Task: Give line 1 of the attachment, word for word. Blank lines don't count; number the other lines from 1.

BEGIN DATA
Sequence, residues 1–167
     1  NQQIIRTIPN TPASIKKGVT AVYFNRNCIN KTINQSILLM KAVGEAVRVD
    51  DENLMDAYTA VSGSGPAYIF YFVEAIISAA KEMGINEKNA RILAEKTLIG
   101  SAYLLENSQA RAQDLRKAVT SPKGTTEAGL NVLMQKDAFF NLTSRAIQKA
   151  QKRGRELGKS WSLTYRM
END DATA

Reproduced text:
Sequence, residues 1–167